There is a remote possibility that a family called Brannan or Brennan may be of Westcountry rather than Irish origin, because similar Celtic syllables are not unknown in Devon and Cornwall. There are places in Devon called Brentor, Brendon and Branscombe, not to mention the local saint, Saint Brannock (who gave his name to Braunton, although the origin of this name is supposedly connected with Brecknock in Wales). Donn's 1765 map of Devon shows a farm called Brennan near Bradworthy (since renamed Brendon). Sabine Baring-Gould, in his "Book of Devon" (1899) records a fairy-tale called "the ravens of Brennan", on Dartmoor, pointing out that "Brennan is what is marked on the Ordnance Survey as Brinning, a lonely spot south of Moreton Hampstead". He adds in a footnote that "Bran" is Cornish for a crow. MacLysaght, in his "Surnames of Ireland" confirms that "Bran" has the same meaning in Irish - raven. Ronald Branscombe (see explanations on his home page via link below) has told me that "Bran" is indeed a well-documented Celtic personal name and that in Welsh it can also mean "black" (i.e. the colour of a crow!). The Irish name Brennan, on the other hand, as stated above, is derived from "Braon" meaning sorrow. I have failed to find any Brannan or Brennan families in Devon before 1699 (except for a "stray" Joane Brennan, married 1651 at Hollacombe), suggesting that neither forms were ancient Westcountry names. So if my ancestors did emigrate from Ireland to Devon, then the pre-emigration spelling could be either Brannan or Brennan (or their Celtic forms), which means they could have been descendants of a number of unrelated Irish families and any further research in this direction should prove difficult.
Some of the descendants of James and Elizabeth Brannan have remained in Devon until more recently with different spellings of the surname - the "-am" and "-ham" endings must have corresponded to the local accent. One branch of the family settled in Brixham as fishermen and/or mariners and adopted the spelling variant of "BRINHAM". Another branch settled in Barnstaple and adopted the spelling "BRANNAM". They became famous for a local pottery - for more information click below.
From Exeter, my ancestors moved around quite considerably. Their departure from the city in the 1780s corresponds to the decline of the traditional sergeweaving industry - those who had been trained as weavers and woolcombers were being replaced by machines. Two sons of James and Elizabeth Brannan, Abraham - a sergeweaver - (who married Elizabeth HOWARD of Exeter) and Nicholas (who married Ann AYEARS of Exeter), eventually settled in Bideford in North Devon. They were both sergeants in the North Devon Militia, defending the English coast against the French, even before the Napoleonic wars. They would march along the south coast as far as Dover and back in the 1780s and 1790s, as shown by the militia records in the Public Record Office. They took their families with them - Abraham had a son christened in Falmouth, Nicholas had daughters christened in Brixham and Maker. Some of their children also served in the militia and worked their way up to the postion of sergeant, including Nicholas' son Mark who was a woolcomber by trade and ended up as the Master of the North Devon Yeoman Cavalry Band (as recorded on his tombstone in Bideford churchyard). During the period when the North Devon militia was disembodied (1783-93) Nicholas Brannan lived in Hartland (N.W. Devon) and when he retied from the militia in 1797 he moved to Bideford where he ran and later acquired an inn on the Quay, at a time when Bideford was a thriving port. This inn, according to family tradition, could have been the inn that featured in Charles Kingsley's "Westward Ho!". Kingsley called it the "Ship Inn" - there is now a fish and chip shop appropriately called "The Rose of Torridge" (once the Newfoundland Inn) - but later tax records suggest that he was in fact the innkeeper of the inn to the right of it on the quay, now called "The Kings Arms". It was then called the "Blue Anchor", until about 1830, and has kept its present name ever since. However, some works on Bideford state that the "Blue Anchor" was a former name of Kingsley's Inn, so there is some confusion here. The Quarter Sessions records show that Nicholas served for a while as Quay Master. Nicholas made a will, of which the Estate Duty copy has survived (NDRO) - he left one shilling to each of his children and the inn to his widow Ann Brannan, who is shown as the owner in an old Pigot's Directory (about 1825) which can be found on the web.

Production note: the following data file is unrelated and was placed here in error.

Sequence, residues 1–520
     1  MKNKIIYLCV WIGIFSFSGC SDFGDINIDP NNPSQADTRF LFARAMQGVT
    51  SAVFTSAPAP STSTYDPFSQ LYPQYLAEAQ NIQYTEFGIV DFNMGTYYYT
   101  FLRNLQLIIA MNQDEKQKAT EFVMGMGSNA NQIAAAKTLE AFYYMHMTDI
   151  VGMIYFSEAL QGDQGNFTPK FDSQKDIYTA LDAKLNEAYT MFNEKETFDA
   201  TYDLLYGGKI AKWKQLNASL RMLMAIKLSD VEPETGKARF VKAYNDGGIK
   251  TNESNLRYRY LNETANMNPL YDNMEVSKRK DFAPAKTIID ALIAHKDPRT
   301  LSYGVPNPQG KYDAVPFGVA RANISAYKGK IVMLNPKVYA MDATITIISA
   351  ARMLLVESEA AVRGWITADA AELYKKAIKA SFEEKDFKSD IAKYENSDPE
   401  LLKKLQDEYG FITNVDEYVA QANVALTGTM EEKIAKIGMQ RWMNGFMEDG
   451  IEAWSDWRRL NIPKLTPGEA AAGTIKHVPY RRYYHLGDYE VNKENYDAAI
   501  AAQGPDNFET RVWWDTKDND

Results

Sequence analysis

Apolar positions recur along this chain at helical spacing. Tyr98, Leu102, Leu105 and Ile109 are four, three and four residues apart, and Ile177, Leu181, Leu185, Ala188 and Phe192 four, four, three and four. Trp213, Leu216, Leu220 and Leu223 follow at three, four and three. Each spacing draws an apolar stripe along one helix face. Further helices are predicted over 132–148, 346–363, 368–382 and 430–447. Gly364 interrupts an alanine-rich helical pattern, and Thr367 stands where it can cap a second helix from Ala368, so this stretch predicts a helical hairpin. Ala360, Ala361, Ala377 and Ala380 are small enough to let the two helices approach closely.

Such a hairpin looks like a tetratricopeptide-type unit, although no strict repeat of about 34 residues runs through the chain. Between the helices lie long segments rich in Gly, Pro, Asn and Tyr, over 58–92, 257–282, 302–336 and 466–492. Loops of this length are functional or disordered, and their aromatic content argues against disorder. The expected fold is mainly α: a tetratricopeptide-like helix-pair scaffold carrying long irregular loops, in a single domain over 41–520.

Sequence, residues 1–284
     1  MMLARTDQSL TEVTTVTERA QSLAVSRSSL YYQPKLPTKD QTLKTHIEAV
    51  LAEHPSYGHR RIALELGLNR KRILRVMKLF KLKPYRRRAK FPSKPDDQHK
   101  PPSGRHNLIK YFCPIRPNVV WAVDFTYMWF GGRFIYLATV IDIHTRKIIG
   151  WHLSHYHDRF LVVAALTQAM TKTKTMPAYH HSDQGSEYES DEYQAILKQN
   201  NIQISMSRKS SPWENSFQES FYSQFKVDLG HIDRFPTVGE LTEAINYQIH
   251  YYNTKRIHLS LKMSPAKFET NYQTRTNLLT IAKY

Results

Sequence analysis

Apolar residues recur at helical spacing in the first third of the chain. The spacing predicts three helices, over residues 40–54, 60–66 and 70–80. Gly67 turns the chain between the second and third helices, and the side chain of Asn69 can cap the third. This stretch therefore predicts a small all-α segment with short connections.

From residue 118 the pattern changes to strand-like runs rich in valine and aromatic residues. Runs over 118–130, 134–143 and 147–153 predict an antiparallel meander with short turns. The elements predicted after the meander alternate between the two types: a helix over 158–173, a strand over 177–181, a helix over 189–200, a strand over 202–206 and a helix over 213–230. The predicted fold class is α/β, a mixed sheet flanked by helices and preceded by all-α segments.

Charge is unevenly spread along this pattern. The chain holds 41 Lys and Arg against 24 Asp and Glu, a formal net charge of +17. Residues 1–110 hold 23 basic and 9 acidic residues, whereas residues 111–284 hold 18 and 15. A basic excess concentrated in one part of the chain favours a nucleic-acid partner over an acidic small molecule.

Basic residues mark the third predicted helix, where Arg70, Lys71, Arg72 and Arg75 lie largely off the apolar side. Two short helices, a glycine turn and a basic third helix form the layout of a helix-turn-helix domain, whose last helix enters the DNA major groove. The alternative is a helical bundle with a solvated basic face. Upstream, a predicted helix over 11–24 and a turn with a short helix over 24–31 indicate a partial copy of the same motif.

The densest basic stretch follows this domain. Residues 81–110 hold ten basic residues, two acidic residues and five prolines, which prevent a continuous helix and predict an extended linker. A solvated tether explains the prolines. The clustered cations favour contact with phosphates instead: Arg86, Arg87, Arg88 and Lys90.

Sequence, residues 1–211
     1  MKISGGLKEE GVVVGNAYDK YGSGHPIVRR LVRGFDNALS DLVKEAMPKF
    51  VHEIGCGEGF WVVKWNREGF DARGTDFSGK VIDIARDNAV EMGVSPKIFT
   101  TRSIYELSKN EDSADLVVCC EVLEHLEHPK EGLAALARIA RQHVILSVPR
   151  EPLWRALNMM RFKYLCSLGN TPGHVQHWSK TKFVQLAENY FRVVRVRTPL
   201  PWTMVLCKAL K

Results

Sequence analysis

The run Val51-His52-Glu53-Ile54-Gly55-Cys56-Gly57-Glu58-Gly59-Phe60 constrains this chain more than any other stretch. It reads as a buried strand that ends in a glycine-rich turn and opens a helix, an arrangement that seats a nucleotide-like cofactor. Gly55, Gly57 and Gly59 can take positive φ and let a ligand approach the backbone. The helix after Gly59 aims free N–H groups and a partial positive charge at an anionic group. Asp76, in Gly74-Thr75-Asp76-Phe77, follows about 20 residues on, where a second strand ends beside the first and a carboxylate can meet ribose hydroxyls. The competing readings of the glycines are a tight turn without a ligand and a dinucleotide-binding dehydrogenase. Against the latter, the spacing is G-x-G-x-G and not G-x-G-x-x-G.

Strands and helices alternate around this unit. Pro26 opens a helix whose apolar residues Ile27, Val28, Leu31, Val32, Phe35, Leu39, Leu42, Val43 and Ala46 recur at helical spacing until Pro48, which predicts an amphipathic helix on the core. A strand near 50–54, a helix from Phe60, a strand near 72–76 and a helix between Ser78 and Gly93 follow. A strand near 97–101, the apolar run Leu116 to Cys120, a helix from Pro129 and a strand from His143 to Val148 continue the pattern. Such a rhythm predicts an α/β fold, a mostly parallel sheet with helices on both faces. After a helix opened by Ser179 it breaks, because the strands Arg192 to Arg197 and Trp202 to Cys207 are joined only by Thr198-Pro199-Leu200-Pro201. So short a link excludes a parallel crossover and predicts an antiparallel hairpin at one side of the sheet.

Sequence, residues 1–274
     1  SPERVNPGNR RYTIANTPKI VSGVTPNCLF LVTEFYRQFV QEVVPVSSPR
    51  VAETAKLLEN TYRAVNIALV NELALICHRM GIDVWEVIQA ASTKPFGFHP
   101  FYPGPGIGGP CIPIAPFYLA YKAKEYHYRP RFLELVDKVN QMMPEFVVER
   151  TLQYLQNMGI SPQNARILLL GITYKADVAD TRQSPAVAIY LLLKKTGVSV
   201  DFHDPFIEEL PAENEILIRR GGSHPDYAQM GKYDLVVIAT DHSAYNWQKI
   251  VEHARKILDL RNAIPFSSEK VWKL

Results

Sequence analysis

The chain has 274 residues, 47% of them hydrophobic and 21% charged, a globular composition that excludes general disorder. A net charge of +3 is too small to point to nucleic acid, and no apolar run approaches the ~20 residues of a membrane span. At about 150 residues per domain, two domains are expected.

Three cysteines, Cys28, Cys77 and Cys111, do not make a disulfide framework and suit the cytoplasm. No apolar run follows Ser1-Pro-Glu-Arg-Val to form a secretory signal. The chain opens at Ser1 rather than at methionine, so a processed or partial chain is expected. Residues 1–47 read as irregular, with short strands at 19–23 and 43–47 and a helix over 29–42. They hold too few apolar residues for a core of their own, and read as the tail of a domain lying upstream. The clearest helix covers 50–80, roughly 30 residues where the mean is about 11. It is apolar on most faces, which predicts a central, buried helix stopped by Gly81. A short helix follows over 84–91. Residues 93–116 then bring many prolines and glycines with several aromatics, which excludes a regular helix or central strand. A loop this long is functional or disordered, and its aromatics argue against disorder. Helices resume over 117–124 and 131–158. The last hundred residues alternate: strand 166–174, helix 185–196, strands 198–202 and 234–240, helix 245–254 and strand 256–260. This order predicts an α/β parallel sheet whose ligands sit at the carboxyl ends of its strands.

My great great great grandfather Thomas Brannan was born in Hartland, Devon, in 1784 (he was christened under the spelling "Brinham"), and the family seem to have followed the father (Nicholas) as he moved around with the militia. Thomas himself served in the militia at an early age as a drummer boy. After the family moved to Bideford in 1796, Thomas married Mary MARTIN (daughter of Edward MARTIN, a maltster and local church organist) in 1807 and began a career as a tailor but it obviously didn't suit him! He did a number of jobs - fisherman and innkeeper - before deciding, in 1821, to sign up for the new Coastguard Service (his service records can be found at the PRO). He set off with his family to different stations around England and Wales: Caernarvonshire, Pembrokeshire, Dorset, Sussex and finally the Isle of Sheppey (Kent), where he was stationed the longest, at Leysdown and Warden Point (famous for its cliff erosion - the parish church has since disappeared into the sea!). At Fleet, Dorset, he must have been witness to the tidal wave that swept over Chesil Beach and the village of Fleet in November 1824 - the remains of the old church can still be seen today. The coastguards' main task at that time was to combat smuggling, which meant patrolling at night. Thomas remained at the lowest rank of boatman and retired in 1852. He went to live in Hoxton (Shoreditch), where two of his sons had already settled, and his wife died just a few years later. From 1855 to his death in 1868 he was looked after by his granddaughter Grace MARSHALL. In 1862 he painted a scroll with the words "Remember Me" which still exists today. He was buried with his wife in Nunhead Cemetery (south London) in the nonconformists' section which was cleared of its gravestones in the 1980s (fortunately, I found the stone before the clearance and have a photograph).